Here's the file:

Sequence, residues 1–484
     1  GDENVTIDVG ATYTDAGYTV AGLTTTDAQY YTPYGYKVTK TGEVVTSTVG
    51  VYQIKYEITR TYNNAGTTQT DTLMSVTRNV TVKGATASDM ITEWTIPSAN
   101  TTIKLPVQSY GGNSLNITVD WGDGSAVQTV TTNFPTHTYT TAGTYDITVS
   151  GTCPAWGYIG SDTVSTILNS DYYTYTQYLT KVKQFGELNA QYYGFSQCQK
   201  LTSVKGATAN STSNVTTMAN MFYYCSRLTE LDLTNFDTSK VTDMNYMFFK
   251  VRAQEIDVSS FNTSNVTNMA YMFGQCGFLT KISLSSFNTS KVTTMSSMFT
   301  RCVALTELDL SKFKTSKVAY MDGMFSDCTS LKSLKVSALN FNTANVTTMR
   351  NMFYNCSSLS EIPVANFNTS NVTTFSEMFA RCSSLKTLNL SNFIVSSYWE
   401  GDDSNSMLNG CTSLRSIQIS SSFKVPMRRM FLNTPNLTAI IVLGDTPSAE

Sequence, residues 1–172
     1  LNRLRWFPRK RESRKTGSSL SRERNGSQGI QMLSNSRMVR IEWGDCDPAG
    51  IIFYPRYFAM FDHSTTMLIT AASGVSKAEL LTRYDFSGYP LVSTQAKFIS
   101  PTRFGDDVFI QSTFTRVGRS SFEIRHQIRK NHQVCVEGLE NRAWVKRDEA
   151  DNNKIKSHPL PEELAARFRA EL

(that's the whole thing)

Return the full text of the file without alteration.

Sequence, residues 1–484
     1  GDENVTIDVG ATYTDAGYTV AGLTTTDAQY YTPYGYKVTK TGEVVTSTVG
    51  VYQIKYEITR TYNNAGTTQT DTLMSVTRNV TVKGATASDM ITEWTIPSAN
   101  TTIKLPVQSY GGNSLNITVD WGDGSAVQTV TTNFPTHTYT TAGTYDITVS
   151  GTCPAWGYIG SDTVSTILNS DYYTYTQYLT KVKQFGELNA QYYGFSQCQK
   201  LTSVKGATAN STSNVTTMAN MFYYCSRLTE LDLTNFDTSK VTDMNYMFFK
   251  VRAQEIDVSS FNTSNVTNMA YMFGQCGFLT KISLSSFNTS KVTTMSSMFT
   301  RCVALTELDL SKFKTSKVAY MDGMFSDCTS LKSLKVSALN FNTANVTTMR
   351  NMFYNCSSLS EIPVANFNTS NVTTFSEMFA RCSSLKTLNL SNFIVSSYWE
   401  GDDSNSMLNG CTSLRSIQIS SSFKVPMRRM FLNTPNLTAI IVLGDTPSAE

Sequence, residues 1–172
     1  LNRLRWFPRK RESRKTGSSL SRERNGSQGI QMLSNSRMVR IEWGDCDPAG
    51  IIFYPRYFAM FDHSTTMLIT AASGVSKAEL LTRYDFSGYP LVSTQAKFIS
   101  PTRFGDDVFI QSTFTRVGRS SFEIRHQIRK NHQVCVEGLE NRAWVKRDEA
   151  DNNKIKSHPL PEELAARFRA EL